speed and over the last two rounds, we’ve got a
good shot at getting some good finishes.”
Coulthard’s team could not find his car’s sweet
spot all weekend and van Gisbergen just did not
qualify well enough to make big inroads during
Heimgartner, on the other hand, had slitter
issues all weekend that messed with the car’s
aero and had a weekend to forget.
Championship points.— Mark Winterbottom
(Ford) 2779, 1; David Reynolds (Ford) 2540,
2; Craig Lowndes (Holden) 2539, 3; Garth
Tander (Holden) 2297, 4; Shane Van Gisbergen
(Holden) 2269, 5; Fabian Coulthard (Holden)
2252, 6; Jamie Whincup (Holden) 2086, 7;
Chaz Mostert (Ford) 2017, 8; James Courtney
(Holden) 1790, 9; Scott McLaughlin (Volvo)
Kiwis level series
ref ’s call costs
All-rounder Jimmy Neesham has been
ruled out of the rest of New Zealand’s
tour of Australia.
bowling in both innings of the first test,
and coach Mike Hesson said Neesham
had experienced back pain.
His replacement will be Auckland fast
bowler Mitchell McClenaghan, and that
offers the prospect of a test debut for
the burly left armer at either Perth in
the second test starting on Friday or in
the third international in Adelaide from
‘’Jimmy has worked hard to get back
to fitness following his injury earlier this
year, but at this stage still experiences
discomfort when bowling extended
loads,” Hesson said.
“ Jimmy will return to New Zealand
for further medical assessment and we’ll
continue to monitor his situation.
“At this stage our No 1 priority is
getting Jimmy fully healthy and ready
for the home summer.”
shining beacon in
Whincup earns emotional win at Pukekohe
PICTURE: Getty Images
Jamie Whincup celebrates winning race 30 of V8 Supercars at Pukekohe Stadium yesterday.
Neesham’s tour over
It is hard to overstate the importance
for New Zealand of today ’s events at the
Get brushed aside by Australia on the
final day of the opening test, and it will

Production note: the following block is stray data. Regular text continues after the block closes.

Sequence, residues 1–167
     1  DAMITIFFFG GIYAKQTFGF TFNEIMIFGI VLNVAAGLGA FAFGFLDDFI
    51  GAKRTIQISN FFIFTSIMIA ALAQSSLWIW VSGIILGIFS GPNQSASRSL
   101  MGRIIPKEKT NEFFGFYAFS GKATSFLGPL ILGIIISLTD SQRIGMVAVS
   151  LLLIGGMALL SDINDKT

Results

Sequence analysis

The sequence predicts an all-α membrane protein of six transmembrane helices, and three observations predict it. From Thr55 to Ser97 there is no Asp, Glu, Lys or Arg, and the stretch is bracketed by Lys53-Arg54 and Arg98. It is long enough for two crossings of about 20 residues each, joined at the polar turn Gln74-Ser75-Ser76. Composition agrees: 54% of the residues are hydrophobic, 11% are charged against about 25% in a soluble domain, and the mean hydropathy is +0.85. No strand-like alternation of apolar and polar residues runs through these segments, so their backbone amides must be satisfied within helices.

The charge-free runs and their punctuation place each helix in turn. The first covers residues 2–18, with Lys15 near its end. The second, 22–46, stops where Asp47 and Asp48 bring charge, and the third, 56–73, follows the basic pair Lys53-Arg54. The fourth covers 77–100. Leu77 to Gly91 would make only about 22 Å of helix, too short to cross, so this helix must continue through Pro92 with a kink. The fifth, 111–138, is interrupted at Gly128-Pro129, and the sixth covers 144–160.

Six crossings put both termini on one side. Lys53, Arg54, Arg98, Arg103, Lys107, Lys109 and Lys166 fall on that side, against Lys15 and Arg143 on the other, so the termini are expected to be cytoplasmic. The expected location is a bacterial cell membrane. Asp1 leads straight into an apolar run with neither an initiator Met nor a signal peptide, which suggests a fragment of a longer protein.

leave a a desperately tough task to climb
back into the three-test rubber.
Hold on, whether through batting out
the final three sessions of the match, or
with some help from the weather, and
New Zealand will figure not only did they
dodge a cannonball but they will take
considerable heart from the outcome.
If the weather intervenes it may count
as fortunate, but that happens, you take
the breaks, be thankful and move on.
If it goes wrong today, New Zealand
can have no complaints. They have been
taken apart for the bulk of this match,
Kane Williamson the one shining beacon
in the gloom of the Gabba.
New Zealand do have recent form
in both the United Arab Emirates
and England — for rebounding hard to
square series’. It’s certainly an admirable
quality and one of the reasons why it
would be premature to write them out of
Also it is worth remembering captain
Brendon McCullum and the next
two batsmen in, Jimmy Neesham and
B J Watling, were part of New Zealand’s
stunning sur vival against India in
Wellington last year. So they have
previous in this department.
New Zealand will certainly be the
better for this match, which oddly has
acted as a form of build-up for what is
left of the series after a wholly inadequate
preparation. The Black Caps were 142
for three, at the start of the final day,
theoretically needing a further 362 for